There was French scientist Leon Guillet who extensively researched iron-chromium alloys, including many of today’s models. And English Giesen who studied and published works on chromium-nickel steels while French national, Portevin, studied what is now known as 430 stainless steel.

And then, in 1911, the moment we’ve all been waiting for: German scientists P. Monnartz and W. Borschers discovered the correlation between chromium content and stainless steel’s beloved corrosion resistance. And stainless steel was finally defined.

The man often credited with the discovery of stainless steel, Harry Brearely, was a lead researcher at Brown Firth Laboratories in England. In 1912, Brearley was tasked by a small arms manufacturer with an erosion problem. Brearley set out to develop an erosion resistant steel for him, experimenting with steel alloys containing with chromium. During these experiments, specifically on August 13 1913, Brearley created a steel with 12.8% chromium and 0.24% carbon, arguably the first ever stainless steel.

Brearley’s title as “inventor of stainless steel” is greatly contested by a few americans, Elwood Haynes, Becket and Dantsizen, a polish man, Max Mauermann, and a few Swedes. Whoever is the true inventor, we and our clients want to thank them. If it weren’t for these hardworking metallurgists, researchers and scientists, Skolnik wouldn’t be able to provide our partners and customers with our expansive collection of stainless steel containers, including our crowned jewel, and most popular container, the 55 gallon stainless steel drum.

 

Calling All Customizations

April 15th, 2016 by Natalie Mueller

Filed under: Industry News

The standard size, gauge and closure options for steel drum containers exist to fill a wide range of containment needs for a wide range of materials. However, our customers’ storage and transportation needs are rarely one-size-fits-all. Even with all of the standard options, it’s common for businesses to require custom drums…and commodity steel drum manufacturers are not up the customization task.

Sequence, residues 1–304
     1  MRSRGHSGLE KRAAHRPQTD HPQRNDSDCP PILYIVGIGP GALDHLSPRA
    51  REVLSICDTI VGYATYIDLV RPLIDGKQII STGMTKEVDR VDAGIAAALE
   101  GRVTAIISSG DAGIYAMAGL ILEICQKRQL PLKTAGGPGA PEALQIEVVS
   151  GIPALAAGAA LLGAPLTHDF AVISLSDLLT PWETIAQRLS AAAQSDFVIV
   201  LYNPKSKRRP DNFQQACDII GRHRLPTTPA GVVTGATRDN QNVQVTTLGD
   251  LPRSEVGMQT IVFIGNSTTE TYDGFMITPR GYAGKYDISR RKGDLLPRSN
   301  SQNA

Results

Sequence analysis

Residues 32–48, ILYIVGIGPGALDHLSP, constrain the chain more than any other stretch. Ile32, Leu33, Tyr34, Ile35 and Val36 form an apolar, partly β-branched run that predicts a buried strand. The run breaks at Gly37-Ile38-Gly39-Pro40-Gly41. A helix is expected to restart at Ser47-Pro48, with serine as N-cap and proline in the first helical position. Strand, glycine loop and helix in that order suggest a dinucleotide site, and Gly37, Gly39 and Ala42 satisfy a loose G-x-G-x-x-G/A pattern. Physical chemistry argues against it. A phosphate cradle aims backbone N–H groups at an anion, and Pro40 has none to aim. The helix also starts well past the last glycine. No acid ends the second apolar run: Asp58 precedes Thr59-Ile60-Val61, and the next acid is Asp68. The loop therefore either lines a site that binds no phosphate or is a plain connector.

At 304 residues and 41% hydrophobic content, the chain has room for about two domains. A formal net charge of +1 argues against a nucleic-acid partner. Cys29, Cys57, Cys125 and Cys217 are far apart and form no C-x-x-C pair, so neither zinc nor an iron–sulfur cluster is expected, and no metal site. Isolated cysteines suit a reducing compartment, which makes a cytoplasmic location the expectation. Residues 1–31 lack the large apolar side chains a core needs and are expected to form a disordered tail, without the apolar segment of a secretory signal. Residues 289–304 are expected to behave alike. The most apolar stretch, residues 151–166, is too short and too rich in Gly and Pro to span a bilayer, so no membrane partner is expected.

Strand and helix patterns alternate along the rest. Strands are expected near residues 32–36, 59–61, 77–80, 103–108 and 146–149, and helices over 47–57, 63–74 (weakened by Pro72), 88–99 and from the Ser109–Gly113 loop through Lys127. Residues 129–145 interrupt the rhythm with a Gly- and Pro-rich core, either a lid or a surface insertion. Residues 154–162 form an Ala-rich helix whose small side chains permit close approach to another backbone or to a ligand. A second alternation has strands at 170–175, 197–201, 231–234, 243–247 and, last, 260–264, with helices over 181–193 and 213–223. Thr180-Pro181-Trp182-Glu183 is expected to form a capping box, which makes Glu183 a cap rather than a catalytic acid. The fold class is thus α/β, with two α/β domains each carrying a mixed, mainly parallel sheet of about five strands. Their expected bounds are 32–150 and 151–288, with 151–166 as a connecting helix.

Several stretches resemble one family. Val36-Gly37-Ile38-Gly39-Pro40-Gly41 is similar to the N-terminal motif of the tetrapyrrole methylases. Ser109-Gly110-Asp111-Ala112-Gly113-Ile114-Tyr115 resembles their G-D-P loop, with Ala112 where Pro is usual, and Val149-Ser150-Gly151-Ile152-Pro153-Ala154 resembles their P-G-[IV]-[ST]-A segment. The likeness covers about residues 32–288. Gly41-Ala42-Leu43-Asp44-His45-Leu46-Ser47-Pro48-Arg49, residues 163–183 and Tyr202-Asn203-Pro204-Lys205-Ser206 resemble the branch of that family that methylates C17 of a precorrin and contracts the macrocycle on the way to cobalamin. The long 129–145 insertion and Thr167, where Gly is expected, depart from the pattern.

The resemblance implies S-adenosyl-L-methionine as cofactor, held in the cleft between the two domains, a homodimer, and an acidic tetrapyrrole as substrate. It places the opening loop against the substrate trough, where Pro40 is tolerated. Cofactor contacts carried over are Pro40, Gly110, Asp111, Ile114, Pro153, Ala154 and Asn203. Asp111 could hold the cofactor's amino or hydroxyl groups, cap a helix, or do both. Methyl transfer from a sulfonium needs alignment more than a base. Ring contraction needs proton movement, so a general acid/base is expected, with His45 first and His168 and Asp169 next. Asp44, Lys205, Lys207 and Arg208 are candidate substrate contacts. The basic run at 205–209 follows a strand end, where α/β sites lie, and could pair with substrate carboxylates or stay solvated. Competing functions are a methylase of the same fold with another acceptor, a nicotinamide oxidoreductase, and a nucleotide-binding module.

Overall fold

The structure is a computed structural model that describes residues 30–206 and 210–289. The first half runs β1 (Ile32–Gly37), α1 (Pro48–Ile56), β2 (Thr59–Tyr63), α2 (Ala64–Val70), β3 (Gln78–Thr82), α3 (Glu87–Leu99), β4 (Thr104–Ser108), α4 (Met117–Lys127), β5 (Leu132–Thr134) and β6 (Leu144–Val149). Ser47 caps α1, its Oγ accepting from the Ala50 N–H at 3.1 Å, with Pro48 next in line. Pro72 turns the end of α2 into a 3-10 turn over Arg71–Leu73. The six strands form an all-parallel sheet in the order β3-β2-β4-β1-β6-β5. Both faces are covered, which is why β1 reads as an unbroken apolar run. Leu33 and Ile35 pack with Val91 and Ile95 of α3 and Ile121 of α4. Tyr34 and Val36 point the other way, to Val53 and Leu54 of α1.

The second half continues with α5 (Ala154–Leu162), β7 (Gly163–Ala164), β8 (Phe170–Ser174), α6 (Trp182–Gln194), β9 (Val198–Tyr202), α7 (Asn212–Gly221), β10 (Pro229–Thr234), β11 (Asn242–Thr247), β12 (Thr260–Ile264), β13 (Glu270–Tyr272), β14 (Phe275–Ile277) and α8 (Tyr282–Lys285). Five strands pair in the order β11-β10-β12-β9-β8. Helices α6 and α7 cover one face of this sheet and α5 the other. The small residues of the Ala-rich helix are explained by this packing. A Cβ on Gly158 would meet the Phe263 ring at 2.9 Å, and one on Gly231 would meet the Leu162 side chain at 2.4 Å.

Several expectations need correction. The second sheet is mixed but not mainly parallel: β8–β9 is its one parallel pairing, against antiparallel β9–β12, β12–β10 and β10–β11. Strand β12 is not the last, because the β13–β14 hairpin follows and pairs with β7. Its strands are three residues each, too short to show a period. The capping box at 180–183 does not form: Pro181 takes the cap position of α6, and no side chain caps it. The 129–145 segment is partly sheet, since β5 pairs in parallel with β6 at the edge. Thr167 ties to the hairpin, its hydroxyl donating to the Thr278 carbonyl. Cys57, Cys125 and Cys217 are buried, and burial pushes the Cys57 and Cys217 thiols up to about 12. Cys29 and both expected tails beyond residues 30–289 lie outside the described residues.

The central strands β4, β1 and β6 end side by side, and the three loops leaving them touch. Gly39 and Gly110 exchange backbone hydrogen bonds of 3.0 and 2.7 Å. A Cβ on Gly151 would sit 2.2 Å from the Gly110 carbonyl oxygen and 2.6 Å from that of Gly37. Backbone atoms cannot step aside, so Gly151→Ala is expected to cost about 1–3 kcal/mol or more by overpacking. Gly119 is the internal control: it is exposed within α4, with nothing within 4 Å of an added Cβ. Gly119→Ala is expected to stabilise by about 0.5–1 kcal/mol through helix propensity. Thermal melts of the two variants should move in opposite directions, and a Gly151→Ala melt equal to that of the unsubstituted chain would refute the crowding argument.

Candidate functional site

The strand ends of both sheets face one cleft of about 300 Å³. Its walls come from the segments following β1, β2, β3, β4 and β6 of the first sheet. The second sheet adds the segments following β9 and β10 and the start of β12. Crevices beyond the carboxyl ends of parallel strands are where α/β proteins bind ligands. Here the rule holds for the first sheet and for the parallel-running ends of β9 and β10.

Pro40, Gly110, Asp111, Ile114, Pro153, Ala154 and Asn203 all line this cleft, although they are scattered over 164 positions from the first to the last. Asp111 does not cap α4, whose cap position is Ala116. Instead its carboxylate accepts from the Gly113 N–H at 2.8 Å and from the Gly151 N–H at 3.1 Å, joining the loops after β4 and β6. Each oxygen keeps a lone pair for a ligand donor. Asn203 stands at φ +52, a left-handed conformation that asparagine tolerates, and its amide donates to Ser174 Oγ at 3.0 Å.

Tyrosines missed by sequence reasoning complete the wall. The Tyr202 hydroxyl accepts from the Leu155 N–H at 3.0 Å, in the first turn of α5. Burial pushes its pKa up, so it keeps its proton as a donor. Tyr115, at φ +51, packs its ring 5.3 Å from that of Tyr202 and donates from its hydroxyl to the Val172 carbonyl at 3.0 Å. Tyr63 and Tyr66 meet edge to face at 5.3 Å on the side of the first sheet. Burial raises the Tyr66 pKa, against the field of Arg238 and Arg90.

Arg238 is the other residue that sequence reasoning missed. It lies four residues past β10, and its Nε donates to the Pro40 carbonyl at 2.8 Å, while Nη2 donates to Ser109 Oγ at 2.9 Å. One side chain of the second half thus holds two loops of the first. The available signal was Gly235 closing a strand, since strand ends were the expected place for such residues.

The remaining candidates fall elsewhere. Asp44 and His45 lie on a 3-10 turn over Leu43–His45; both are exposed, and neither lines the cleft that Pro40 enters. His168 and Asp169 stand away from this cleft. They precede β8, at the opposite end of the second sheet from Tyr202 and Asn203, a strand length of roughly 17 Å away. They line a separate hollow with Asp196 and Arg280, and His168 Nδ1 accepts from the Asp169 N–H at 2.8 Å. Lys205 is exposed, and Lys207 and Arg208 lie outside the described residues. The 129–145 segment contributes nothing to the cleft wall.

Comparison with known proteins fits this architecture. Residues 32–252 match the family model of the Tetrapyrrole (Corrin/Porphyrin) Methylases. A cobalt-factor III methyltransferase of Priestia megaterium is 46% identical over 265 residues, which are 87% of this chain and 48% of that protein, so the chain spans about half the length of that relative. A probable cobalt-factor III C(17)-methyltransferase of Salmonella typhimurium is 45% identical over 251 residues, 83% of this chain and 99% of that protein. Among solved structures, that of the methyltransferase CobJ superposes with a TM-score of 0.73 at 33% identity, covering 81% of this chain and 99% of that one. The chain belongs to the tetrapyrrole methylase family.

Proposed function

Don’t search high and low looking for a vendor that can create a steel drum container to your precise design specifications – just call Skolnik. We offer a wide inventory of standard steel drum sizes, wider than many other manufacturers. And, when our standard selection doesn’t fit the bill, our in-house engineering team relishes the chance to build a custom steel drum container.

We welcome special requests, so never hesitate to ask us for:

  • Additional or reduced height drums
  • Special interior coatings
  • Custom plug, bung or flange placement
  • A drum-within-a-drum
  • Drums tested to meet non-standard requirements
  • And virtually any other special requirement you might have!

Deeply versed in all aspects of drum manufacturing, our engineers love a good challenge or custom request. Think of the Skolnik team as your own personal steel drum container think-tank, ready to brainstorm, innovate and deliver a drum to meet your precise industrial packaging requirements.

Regulations and Secondary Spill Containment

February 4th, 2016 by Natalie Mueller

Filed under: HazMat